- Step 1: Don't exaggerate your generosity When it comes to your charitable deductions, don't wildly exaggerate your generosity. Anything above $1,600 per year, per family is eyed skeptically by Uncle Sam. If you're audited, you'll have to document any deduction over $250.
- Step 2: Use precise figures Use precise figures. The IRS is immediately suspicious of any deductions rounded to the nearest hundred or thousand. It indicates you're guesstimating a figure that you probably can't prove.
- Step 3: Don't insult their intelligence Don't insult their intelligence: If you simultaneously claim a tiny self-employment income and a large number of dependents, the IRS is going to wonder how you're supporting so many on so little.
- Step 4: Don't add the numbers up too neatly You'll also arouse suspicion if you're running a side business whose losses conveniently wipe out your salaried income taxes, or your business reported a large income but supposedly netted very little profit.
- TIP: If your small business is a substantial money loser two years in a row, expect IRS scrutiny.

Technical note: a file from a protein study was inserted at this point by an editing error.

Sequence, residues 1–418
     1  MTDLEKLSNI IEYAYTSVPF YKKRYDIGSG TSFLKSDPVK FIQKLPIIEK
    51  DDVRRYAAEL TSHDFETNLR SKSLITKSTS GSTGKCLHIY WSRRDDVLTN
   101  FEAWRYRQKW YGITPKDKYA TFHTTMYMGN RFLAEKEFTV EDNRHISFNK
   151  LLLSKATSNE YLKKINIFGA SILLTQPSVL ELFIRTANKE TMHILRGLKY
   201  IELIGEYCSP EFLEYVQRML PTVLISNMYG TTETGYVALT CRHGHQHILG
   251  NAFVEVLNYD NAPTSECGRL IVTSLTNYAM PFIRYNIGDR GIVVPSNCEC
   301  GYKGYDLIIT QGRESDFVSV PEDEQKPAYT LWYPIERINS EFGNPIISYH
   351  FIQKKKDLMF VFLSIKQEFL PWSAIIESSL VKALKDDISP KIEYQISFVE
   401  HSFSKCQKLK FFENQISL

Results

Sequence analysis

- Step 5: Be careful if you're in a red flag job File cautiously if you're in a cash business that makes it easy to hide income, or if you are a professional who owns their own business and does your own bookkeeping. These tax returns are more likely to be audited because the potential for cheating is greater.
- Step 6: Be wary of the earned income tax credit If you're self-employed and manage to earn the exact amount of money that entitles you to the maximum earned income tax credit, the IRS may want to verify your good fortune.
- Step 7: Tread carefully if you're wealthy The more money you make, the more care you should take, because your chance of being audited rises with your income. It's not just the little people who pay taxes!
- FACT: People who make between $25,000 and $100,000 have a seven in 1,000 chance of being audited.
You Will Need
- Reasonable claims
- Proof of deductions and losses